In recent weeks we have witnessed what can truly be described as a watershed moment for the hospitality sector with the launch of UKHospitality (UKH), writes Mike Berry.
This new, powerful trade association, created through a merger of the Association of Licensed Multiple Retailers and the British Hospitality Association, launches at what is an absolutely critical time for the sector.
Full disclosure: FSC has been working with the ALMR over the past year, but, allegiances aside, the union is undoubtedly a good thing. There has long been a widely held sense that in comparison to other sectors, hospitality doesn’t get the recognition or airtime it deserves in the highest echelons of government. There is, after all, no Minister for Hospitality.
Promote and protect
To many that’s non-sensical for an industry so vital to the UK economy; the third largest private sector, employing nearly three million people and generating £38bn for the Exchequer. In these politically and economically uncertain times, the dynamic businesses operating in the industry need a unified and loud voice to promote and protect their interests.
The current pressures on operators of all sizes are well documented with the sector’s growth and track record of job creation under serious pressure through a toxic cocktail of significant cost increases across the areas of people, property and product. At the same time there is likely to be a softening of demand in the face of uncertain economic times and the prospect of an uptick in interest rates.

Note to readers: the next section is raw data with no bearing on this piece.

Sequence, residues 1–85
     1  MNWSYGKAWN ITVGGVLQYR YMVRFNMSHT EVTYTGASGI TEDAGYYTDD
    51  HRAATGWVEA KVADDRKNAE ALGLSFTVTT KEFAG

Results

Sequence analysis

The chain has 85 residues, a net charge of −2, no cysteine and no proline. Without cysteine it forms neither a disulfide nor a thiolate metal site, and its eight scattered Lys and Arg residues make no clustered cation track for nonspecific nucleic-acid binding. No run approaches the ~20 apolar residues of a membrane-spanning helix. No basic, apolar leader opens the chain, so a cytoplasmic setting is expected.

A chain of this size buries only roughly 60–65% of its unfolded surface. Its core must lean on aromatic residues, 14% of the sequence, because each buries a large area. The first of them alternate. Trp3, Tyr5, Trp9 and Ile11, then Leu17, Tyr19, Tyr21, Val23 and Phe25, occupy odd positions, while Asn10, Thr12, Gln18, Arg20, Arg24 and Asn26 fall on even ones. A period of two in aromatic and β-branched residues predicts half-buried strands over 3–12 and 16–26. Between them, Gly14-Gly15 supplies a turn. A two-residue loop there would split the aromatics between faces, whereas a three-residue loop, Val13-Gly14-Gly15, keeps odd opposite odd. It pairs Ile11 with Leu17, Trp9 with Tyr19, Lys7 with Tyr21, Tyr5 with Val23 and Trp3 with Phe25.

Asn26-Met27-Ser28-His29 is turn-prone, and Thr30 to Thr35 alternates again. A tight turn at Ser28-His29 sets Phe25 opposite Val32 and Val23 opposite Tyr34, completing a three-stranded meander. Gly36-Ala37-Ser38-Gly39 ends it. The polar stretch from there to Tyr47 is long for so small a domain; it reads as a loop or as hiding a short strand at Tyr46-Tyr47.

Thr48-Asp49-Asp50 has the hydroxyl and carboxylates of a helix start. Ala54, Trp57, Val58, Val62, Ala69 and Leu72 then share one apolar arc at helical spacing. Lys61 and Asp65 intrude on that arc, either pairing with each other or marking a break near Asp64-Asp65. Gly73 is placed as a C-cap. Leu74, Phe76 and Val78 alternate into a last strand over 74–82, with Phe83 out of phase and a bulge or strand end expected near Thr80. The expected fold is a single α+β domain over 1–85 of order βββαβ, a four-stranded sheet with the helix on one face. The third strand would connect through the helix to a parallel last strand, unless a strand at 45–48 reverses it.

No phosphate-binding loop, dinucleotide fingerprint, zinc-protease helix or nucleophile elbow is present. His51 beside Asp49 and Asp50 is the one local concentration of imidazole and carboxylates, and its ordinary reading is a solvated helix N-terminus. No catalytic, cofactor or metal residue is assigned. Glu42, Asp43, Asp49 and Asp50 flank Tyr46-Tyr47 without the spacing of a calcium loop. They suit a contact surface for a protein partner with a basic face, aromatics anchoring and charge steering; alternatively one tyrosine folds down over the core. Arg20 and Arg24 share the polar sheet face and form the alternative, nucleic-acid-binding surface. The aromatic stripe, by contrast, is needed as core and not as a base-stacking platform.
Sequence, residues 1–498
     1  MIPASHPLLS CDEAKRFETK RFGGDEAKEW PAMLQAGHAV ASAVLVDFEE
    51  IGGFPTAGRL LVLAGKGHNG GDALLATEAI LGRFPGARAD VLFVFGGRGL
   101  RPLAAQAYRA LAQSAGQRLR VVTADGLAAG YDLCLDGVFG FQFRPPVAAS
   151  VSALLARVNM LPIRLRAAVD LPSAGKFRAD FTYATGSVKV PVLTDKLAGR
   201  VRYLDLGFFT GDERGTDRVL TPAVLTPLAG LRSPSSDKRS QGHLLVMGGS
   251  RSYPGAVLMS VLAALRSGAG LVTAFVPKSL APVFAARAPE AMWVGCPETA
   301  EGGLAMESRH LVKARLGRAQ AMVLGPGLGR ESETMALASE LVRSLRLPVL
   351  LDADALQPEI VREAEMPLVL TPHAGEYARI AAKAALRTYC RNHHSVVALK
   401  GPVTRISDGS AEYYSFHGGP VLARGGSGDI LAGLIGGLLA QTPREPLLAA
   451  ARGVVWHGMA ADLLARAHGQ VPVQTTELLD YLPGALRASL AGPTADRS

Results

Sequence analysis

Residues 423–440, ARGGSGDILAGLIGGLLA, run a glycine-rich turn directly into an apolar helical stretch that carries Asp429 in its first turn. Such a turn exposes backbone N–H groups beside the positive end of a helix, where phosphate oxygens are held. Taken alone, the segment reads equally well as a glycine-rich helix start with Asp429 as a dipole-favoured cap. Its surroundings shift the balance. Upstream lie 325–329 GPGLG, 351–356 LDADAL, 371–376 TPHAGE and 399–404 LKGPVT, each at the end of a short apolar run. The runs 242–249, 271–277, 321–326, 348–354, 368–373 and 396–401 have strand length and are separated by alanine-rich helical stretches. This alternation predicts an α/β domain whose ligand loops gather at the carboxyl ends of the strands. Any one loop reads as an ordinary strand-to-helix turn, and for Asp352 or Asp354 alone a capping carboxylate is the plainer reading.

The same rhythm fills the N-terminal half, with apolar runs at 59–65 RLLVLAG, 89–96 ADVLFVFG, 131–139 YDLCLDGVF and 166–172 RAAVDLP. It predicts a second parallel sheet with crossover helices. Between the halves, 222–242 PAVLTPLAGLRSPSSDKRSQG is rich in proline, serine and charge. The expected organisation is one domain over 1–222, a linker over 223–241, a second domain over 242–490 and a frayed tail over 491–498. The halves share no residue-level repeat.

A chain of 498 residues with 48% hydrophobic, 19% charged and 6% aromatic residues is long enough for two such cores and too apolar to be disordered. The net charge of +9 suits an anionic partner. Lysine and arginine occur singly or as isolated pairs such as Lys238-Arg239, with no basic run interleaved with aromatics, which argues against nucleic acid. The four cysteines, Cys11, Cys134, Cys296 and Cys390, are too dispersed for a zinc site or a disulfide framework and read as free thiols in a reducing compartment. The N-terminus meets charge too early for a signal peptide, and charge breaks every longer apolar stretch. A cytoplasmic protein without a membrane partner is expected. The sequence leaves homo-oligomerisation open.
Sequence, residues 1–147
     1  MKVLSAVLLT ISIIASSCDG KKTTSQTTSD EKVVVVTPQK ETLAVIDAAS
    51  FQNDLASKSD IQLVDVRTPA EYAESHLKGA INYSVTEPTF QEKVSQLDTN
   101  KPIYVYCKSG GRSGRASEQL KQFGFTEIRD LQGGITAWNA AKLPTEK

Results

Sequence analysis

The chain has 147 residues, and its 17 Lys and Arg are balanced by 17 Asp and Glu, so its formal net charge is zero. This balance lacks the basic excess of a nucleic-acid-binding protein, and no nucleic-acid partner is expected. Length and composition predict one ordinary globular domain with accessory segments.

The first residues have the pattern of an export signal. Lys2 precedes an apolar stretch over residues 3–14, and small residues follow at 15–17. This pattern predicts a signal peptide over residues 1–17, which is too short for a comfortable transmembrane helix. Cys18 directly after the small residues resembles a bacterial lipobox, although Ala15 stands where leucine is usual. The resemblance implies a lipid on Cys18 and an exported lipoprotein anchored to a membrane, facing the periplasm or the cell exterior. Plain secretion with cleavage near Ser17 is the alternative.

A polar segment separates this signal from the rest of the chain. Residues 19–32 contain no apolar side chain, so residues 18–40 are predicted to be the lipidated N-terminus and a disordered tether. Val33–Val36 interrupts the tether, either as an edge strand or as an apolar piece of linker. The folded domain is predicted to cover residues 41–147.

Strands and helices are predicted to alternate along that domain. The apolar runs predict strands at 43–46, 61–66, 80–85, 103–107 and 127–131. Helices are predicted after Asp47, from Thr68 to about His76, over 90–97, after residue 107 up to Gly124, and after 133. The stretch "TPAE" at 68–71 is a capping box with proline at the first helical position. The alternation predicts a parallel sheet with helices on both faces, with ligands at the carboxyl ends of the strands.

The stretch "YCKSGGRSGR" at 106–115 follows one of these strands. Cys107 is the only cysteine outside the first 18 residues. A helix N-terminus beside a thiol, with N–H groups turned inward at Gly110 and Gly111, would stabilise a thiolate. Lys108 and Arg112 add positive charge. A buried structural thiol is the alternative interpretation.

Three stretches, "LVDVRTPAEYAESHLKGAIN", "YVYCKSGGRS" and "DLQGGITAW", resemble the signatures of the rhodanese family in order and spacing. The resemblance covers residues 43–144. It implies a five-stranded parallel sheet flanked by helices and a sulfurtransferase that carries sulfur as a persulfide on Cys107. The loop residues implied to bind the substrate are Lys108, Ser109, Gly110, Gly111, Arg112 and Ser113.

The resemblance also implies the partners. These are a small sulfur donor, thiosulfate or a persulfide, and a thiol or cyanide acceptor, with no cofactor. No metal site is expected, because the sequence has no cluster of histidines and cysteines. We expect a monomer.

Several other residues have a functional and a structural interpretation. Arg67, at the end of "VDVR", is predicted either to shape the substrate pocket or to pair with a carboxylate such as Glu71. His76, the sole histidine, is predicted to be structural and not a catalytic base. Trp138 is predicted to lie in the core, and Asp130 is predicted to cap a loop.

Currently, when ministers summon representatives of the business community to discuss a seismic issue you tend to see the same four big groups walking up Downing Street: The Confederation of British Industry; the Federation of Small Business; the British Retail Consortium; and manufacturers’ association the EEF. The shared ambition for UKH is be to be the fifth group walking through the door at No.10.
With over 700-member companies, operating 65,000 venues in a sector that employs nearly three million people across the country, and which generates £130bn – 5% of GDP – the sector’s scale cannot be ignored.
A single, clear voice is better than many and there are a number of unifying issues on which UKH can speak for the whole sector; reform of the archaic business rates system, a workable post-Brexit immigration solution and a more fair and favourable tax regime. Added to this, there needs to be more recognition that businesses need time to plan; few would argue that the national living wage is a good thing but please don’t foist it on commercial organisations overnight. Such actions may well be politically expedient, but without serving proper notice, risk investment and business stability in the short term.
These big issues are where UKH’s size and voice will enable it to stage greater interventions that will deliver meaningful policy change and business support.
Then there is tackling passé perceptions of hospitality and developing the workforce of the future. Hospitality jobs must pass the critical ‘mum and dad’ test – everyone in the sector has a part to play in convincing parents that a job in our sector has strong prospects and can lead to a meaningful and successful career across a diversity of roles.
It’s undoubtedly an exciting time for the sector as the new association officially ‘launches’ in the coming weeks and begins its work to reshape the future of hospitality.
Mike Berry is head of content at Fleet Street Communications, and the former Managing Editor of the Morning Advertiser